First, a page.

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Everyday perceptions of the internet.

lizpolaris's picture

I have worked from home for more than 4 years now, since the large corporation I work for is trying mightily to reduce employee expenses (including offices), compensation, benefits, and employees themselves (in the US - all foreign workers welcome).

It occurs to me that at this point, I've never met 99% of the people I work with daily. My coworkers are no longer friends. Some faceless voice over the phone who I can't go to coffee with will never be my friend, just by definition. We can never really share anything in person.

If you do find you have something in common with someone and you want to get to know them 'outside' of work, the only choice is the one I'm using right now. That is, I have to turn that coworker into an internet acquaintance. Then the person can spend time off hours with me exchanging ideas, photos, blog entries, facebook, whatever.

So in essence, my acquaintances on the internet are more real to me than my coworkers.

Look at it this way, my coworkers can be fired any day or moved to some other project in the company. In which case we would lose all connection abruptly via our work network and phone calls. So in order to maintain contact, I have to bring them into the more 'solid' existence of the rest of the web/internet. That relationship doesn't just vanish at the whim of some executive.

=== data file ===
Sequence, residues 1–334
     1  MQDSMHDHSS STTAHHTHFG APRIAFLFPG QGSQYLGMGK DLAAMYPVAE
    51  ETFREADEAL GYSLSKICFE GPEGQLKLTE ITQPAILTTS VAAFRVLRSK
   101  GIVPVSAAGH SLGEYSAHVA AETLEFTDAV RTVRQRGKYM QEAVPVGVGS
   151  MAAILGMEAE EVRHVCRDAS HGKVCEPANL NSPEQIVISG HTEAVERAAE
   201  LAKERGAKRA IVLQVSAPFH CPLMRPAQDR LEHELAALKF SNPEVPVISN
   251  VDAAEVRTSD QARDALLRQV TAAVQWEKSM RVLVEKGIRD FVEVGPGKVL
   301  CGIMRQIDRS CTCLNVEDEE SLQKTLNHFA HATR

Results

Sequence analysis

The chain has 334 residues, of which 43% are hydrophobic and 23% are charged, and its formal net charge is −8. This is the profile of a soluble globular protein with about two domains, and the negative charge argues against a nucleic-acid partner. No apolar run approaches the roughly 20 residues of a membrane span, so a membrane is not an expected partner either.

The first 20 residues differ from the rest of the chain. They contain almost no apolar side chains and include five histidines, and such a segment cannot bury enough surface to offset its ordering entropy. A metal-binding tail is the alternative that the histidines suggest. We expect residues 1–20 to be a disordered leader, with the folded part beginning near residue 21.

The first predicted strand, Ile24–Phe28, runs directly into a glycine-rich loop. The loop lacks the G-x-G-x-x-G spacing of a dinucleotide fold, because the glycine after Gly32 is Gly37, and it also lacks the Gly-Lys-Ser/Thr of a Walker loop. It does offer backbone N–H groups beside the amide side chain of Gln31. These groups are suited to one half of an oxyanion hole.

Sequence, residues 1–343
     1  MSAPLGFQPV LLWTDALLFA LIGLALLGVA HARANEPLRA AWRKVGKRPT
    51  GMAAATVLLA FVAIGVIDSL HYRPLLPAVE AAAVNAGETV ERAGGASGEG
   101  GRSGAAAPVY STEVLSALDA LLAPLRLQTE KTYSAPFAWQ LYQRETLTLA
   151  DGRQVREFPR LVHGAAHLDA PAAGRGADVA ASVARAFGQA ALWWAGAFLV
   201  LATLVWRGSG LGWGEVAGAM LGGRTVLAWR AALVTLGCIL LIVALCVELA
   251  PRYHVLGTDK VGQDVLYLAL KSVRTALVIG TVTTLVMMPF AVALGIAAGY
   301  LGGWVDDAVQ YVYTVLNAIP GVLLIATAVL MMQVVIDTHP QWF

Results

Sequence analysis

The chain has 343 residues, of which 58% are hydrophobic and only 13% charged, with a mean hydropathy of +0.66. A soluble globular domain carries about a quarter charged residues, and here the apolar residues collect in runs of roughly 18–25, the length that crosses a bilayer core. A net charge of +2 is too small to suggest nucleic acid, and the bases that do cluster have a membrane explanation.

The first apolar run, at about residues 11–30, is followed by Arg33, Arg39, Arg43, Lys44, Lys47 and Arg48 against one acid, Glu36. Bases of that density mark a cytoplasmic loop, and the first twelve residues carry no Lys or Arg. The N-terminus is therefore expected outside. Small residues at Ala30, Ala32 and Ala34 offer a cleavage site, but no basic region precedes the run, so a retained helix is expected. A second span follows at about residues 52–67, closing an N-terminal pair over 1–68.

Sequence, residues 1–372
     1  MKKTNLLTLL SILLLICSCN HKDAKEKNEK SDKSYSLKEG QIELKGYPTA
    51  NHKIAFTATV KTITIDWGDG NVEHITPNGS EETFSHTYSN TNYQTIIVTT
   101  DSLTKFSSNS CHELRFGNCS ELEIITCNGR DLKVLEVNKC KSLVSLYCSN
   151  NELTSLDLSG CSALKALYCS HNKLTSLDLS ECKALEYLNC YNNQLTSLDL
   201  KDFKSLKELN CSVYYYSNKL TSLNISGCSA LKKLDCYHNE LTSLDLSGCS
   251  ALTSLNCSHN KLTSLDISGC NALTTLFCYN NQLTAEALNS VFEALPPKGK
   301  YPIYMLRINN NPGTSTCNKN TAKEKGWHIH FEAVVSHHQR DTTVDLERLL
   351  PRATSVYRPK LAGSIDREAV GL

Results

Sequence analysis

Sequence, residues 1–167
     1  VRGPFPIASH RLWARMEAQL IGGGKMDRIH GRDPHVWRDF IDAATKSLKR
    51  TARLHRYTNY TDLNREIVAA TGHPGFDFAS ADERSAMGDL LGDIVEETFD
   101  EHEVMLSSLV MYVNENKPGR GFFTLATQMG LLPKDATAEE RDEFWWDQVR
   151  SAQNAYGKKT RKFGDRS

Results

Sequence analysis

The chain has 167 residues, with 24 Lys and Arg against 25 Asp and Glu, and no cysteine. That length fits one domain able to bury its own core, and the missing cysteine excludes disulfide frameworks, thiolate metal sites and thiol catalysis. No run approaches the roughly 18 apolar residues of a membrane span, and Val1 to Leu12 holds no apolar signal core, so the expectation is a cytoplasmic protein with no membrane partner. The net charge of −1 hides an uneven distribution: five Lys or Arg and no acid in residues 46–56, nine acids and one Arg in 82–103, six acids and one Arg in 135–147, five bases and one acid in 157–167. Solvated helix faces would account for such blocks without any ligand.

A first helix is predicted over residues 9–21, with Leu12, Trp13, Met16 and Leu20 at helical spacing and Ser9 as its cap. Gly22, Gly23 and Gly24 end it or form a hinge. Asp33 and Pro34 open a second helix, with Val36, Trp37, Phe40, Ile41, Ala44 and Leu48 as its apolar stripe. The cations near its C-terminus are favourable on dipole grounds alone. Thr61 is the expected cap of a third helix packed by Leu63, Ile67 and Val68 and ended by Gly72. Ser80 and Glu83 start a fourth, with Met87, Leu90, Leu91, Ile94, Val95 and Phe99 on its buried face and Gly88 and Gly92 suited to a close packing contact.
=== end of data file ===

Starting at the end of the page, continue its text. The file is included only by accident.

This is not to say that internet acquaintances are more vital than friends in the real world - not at all. But unlike my coworkers, I've met the majority of my online acquaintances. Overall, this makes my non-work time spent online more 'real' to me than when I'm working.

This realization came to me when I was wondering why I and my coworkers feel so disconnected from each other and the company we work for. It's not just the threat of layoff, the crazy policies - those were there to some extent when we all went to a building. It's that there's no feeling of permanance or connection to the people I work with. I think no matter how committed you try to be to your career or profession, this is an alienating way to work. And it will ultimately be unsuccessful.

There is such a push to turn knowledge workers into piecemeal assembly line workers. But without continuity of project, people, environment - how can employment be anything more than earning money? As far as investing actual thought and creativity, there's nothing there.